When stories about the country’s teachers make their way to the newspapers or posters on light poles, they are often disturbing and discouraging headlines of misconduct or negligence, and rightfully so as education and the teaching profession remain in dire dysfunction.
But a new generation of teachers is beginning to emerge, aiming to redefine and rebrand the profession.
These aspiring teachers reflect critically on each other’s work and themselves to develop effective teaching methods and the necessary personal capacity to thrive in the reality of today’s classrooms.
Their values are clear, and they are expressed often: develop oneself, collaborate and share, put the child at the centre, reflect constantly and use the classroom to build a better world.
What distinguishes this emerging set of teacher standards from others is the emphasis on personal accountability as opposed to the compliance culture that has overwhelmed the profession.
A young teacher from Maxeke Secondary School who teaches Physical Sciences says that he chose to teach the subject after a realisation of the poor performance of South Africa in Maths and Science subjects; hence he wanted to make a difference.
“Seeing those learners you teach pursuing their studies at University level is what drives me”, says Thato Mojakisane, Physics teacher at Maxeke Secondary School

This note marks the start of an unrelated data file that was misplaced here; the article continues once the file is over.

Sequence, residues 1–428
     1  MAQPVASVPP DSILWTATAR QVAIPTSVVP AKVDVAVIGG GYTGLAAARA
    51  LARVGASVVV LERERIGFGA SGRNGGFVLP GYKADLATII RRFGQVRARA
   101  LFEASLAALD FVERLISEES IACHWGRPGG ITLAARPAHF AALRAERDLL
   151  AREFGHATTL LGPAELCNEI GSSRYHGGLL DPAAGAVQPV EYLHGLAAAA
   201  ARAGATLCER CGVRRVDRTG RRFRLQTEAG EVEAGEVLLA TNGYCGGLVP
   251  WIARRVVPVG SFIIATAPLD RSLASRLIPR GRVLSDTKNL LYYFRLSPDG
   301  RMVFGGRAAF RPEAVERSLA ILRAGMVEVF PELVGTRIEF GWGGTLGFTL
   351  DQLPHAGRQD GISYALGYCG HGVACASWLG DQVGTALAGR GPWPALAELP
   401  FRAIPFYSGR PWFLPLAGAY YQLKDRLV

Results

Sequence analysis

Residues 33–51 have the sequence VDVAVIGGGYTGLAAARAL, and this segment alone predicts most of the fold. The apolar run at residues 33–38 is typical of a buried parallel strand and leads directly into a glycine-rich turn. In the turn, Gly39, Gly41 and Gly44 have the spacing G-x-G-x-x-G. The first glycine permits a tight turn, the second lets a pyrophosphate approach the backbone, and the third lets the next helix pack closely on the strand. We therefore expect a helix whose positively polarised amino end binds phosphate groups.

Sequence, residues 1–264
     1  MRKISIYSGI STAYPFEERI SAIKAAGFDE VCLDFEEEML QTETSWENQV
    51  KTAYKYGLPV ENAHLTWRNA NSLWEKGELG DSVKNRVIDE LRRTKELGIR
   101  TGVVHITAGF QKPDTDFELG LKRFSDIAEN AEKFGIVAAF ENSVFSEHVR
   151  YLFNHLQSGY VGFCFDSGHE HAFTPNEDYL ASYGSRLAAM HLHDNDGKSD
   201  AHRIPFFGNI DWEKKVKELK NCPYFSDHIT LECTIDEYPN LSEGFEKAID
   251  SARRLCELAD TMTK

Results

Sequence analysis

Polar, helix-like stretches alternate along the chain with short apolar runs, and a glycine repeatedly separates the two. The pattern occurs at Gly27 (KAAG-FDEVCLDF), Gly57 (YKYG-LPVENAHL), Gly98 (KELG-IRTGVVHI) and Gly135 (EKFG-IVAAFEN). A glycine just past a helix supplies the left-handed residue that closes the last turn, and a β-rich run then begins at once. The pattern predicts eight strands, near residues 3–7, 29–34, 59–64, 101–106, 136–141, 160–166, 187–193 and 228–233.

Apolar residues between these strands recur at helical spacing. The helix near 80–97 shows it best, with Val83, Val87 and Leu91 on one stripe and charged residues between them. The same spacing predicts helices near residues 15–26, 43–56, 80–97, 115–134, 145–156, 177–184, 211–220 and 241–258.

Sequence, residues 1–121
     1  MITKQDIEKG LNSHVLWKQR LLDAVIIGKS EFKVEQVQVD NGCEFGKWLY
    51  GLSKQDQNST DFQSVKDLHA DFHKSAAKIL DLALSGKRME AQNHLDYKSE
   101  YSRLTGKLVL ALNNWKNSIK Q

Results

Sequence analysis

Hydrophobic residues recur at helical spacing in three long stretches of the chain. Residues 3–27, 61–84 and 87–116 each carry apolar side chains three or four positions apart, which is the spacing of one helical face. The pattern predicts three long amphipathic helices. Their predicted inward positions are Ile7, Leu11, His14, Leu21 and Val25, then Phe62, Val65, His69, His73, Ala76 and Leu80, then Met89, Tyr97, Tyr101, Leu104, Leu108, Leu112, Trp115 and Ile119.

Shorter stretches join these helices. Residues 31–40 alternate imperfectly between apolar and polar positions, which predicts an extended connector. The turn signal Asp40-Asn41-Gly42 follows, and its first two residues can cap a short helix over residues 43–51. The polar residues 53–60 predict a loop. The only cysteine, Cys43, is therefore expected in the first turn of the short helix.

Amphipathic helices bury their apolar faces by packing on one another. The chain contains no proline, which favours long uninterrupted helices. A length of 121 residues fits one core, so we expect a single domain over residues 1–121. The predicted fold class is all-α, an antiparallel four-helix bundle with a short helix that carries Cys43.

What makes learning and teaching also more interesting has been the introduction of technology as well.
“Teaching with technology makes life easy for the educator and saves times, you can plan lessons wherever you are, just type your lesson, download videos, images and you don’t have to waste writing notes on the board and drawing diagrams. Learners can see clearly what you talking about rather than imagining them, “he adds.
The new generation of teachers understand that being an educator doesn’t mean you have to act all strict towards learners and reject changes that are happening around us, but to form a relationship with learners.
At an age that can feel bewildering, these aspiring teachers have claimed a mantle that forces all of us to ask ourselves whether we are part of the new or the old story of education: the old story being teacher-centred, individually oriented, competitive and compliant and the new being learner-focused, community- and socially minded, collaborative and challenging.